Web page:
This article has been kindly adapted for Art UK by Midlands Art Papers. Midlands Art Papers is a collaborative online journal, working between the University of Birmingham and 11 partner institutions to research and explore the world-class works of art and design in public collections across the Midlands. You can follow the project on Twitter: @MAP_UoB
Stormy Landscape with Blue and Red Figures by the Hungarian artist Károly Kotász was acquired by Birmingham Museum and Art Gallery in 1940. Donated by an individual named John Roberts, the painting has never been displayed at permanent or temporary exhibitions. This is not surprising: Kotász is hardly a well-known artist. People would be surprised to hear, even in his native Hungary, that for a few years around 1930 he enjoyed considerable international success. Who was this elusive artist, and why did his fame wane almost as suddenly as it had risen?
Károly Kotász was born on 4 November 1872 in Budapest in a poor, working-class family, and grew up in Rákoskeresztúr, a nearby small town. With the help of a scholarship, he trained as a wood engraver at the School of Industrial Design and went on to study at the Academy of Fine Art in Munich, and at the Julian Academy, a famous private art school in Paris. Returning to Hungary, Kotász taught at an art school while displaying his paintings at exhibitions. He bought a house in Rákoskeresztúr, got married, and had a daughter. His art brought him moderate success and he even had some one-man shows, but no one in Hungary could have predicted his international career.
In 1928, 50 paintings by Kotász were shown at the gallery at 12 Lützowplatz in Berlin. The works were subsequently displayed in Brussels, Amsterdam, and London. The driving force behind the European tour was Kotász’s nephew, Károly Kemény, who organised his exhibitions abroad and took care of public relations. Kotász’s exhibitions were often opened by Hungarian consuls and other official figures, but their success reached far beyond diplomatic circles. Newspapers and art magazines all over Europe published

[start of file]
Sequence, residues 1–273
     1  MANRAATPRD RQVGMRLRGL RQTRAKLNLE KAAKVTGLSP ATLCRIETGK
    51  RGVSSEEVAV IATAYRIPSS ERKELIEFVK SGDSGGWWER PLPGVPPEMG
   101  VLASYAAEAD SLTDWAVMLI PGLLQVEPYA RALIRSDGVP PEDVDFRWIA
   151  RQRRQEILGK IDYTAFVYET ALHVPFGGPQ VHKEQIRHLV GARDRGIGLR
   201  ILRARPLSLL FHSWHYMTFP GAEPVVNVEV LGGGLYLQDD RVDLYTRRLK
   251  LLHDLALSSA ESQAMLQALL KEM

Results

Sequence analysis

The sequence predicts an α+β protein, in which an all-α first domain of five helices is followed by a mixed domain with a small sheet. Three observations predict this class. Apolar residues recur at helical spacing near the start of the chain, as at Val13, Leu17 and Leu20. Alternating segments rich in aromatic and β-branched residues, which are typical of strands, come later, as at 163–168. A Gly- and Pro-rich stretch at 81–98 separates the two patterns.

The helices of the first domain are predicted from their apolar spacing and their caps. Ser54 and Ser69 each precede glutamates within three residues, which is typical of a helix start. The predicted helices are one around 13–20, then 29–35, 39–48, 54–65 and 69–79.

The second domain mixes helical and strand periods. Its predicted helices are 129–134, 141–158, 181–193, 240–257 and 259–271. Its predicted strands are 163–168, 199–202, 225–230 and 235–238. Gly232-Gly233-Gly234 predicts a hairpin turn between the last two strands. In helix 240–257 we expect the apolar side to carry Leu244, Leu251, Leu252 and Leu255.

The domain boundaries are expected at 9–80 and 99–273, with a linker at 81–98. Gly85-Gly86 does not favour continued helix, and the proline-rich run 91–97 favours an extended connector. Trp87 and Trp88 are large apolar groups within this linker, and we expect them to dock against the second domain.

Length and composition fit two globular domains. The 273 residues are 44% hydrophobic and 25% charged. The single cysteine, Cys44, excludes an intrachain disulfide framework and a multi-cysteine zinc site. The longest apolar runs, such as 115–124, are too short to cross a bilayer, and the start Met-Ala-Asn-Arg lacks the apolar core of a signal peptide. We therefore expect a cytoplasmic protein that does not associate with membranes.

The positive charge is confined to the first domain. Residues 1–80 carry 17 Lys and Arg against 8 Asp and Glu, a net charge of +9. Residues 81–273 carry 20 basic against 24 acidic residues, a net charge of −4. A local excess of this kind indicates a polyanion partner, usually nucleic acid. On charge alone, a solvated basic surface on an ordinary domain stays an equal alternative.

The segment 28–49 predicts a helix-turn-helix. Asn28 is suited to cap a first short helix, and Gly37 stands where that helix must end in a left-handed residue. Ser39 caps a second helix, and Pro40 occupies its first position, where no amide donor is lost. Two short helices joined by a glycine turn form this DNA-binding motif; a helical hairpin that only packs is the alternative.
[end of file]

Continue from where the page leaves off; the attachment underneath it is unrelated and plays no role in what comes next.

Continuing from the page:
Modernist art is fraught by an ideal of constant progress, and once the evolutionary narrative that included Fauvism, Cubism, Surrealism and all subsequent -isms became widely accepted as the ‘true’ modernist tradition, more conservative artists such as Kotász fell by the wayside.
Although he was celebrated in several major cities across Europe, Kotász himself could not be present. Since his youth, his mobility had been restricted by an unspecified condition that seems to have worsened over time. The painter who had once made the long journey to Munich and Paris now became sedentary. According to contemporaries, on a typical
That said, even if he was unable to meet his international fans, he must have seen some of the reviews. Kotász’s art ʻexults in a riot of colour and atmosphere’ and ʻcan get beauty out of an old lady standing by a flock of geese in sunny, windy weather, and dynamic drama out of peasants battling against a scirocco’, wrote the British critic Trevor Allen. Another critic called him ʻone of the most advanced of modernists’. In Apollo Magazine, Herbert Furst described him as a highly original artist, who built on the art of predecessors such as Rembrandt van Rijn, Francisco Goya, Antoine Watteau or Adolphe Monticelli, but used this tradition to create his own, individual style.
Kotász’s style was, indeed, distinctive, and the painting in BMAG is a characteristic example. As in most of Kotász’s pictures, the setting is rural: a group of women dressed in folk costumes are returning home from church. The sky is cloudy, signalling an imminent storm. The palette is dominated by soft greens and greyish blues, and there are not many contrasts, yet the blue and red of the figures shine with a gem-hard brilliance. Kotász used a personal technique he had developed himself: he applied thick layers of paint and scraped them with a knife creating a rough surface, which nevertheless appears harmonious when seen from a bit further away.
Kotász’s paintings are undoubtedly pleasing to the eye, but how to explain his stellar success and subsequent fall into oblivion? Based on the reviews published at the time, two – not mutually exclusive – explanations can be proposed for the former question. First, by following a Post-Impressionist aesthetic, but always remaining in the realm of the figurative, Kotász appealed to a certain kind of moderately modernist taste. He bowed to the tradition hallmarked by Manet, Monet, Van Gogh and Cézanne, but did not venture towards more contested terrains, thereby providing art lovers with solid reference points, as well as evidence of his own individual creativity. Second, as an artist from a land outside the Western European art world, he represented an exciting novelty. His homeland and his rural subjects were often exoticised by critics. His disability, due to which he remained distant from his audience, only added to the mystery.
Why, then, was he forgotten? This might be a logical consequence of the same factors. Modernist art is fraught by an
The story of Kotász’s career poses provocative questions about the ups and downs of fame, as well as about the external factors that influence us when we think we are merely judging paintings by their formal qualities. His name may have fallen into oblivion, but that oblivion is not impenetrable, thanks to the museums that have preserved his works. The paintings by Kotász in collections around Europe serve as poignant reminders that by documenting the past, museums also present it to be rediscovered, challenged and rethought.
Nóra Veszprémi, 'Gambling on Genius: Károly Kotász, Stormy Landscape with Blue and Red Figures (c.1928)', Midlands Art Papers, Issue 1, 2017